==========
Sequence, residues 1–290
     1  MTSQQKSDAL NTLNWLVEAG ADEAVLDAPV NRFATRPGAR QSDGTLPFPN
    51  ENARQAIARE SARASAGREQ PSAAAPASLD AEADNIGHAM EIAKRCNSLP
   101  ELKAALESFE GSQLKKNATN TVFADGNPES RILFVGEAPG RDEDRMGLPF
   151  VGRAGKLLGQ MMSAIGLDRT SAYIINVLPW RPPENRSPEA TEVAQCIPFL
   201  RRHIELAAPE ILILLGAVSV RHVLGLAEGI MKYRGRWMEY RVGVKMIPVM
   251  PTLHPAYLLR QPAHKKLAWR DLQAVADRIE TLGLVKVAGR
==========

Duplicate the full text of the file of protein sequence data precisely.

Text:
Sequence, residues 1–290
     1  MTSQQKSDAL NTLNWLVEAG ADEAVLDAPV NRFATRPGAR QSDGTLPFPN
    51  ENARQAIARE SARASAGREQ PSAAAPASLD AEADNIGHAM EIAKRCNSLP
   101  ELKAALESFE GSQLKKNATN TVFADGNPES RILFVGEAPG RDEDRMGLPF
   151  VGRAGKLLGQ MMSAIGLDRT SAYIINVLPW RPPENRSPEA TEVAQCIPFL
   201  RRHIELAAPE ILILLGAVSV RHVLGLAEGI MKYRGRWMEY RVGVKMIPVM
   251  PTLHPAYLLR QPAHKKLAWR DLQAVADRIE TLGLVKVAGR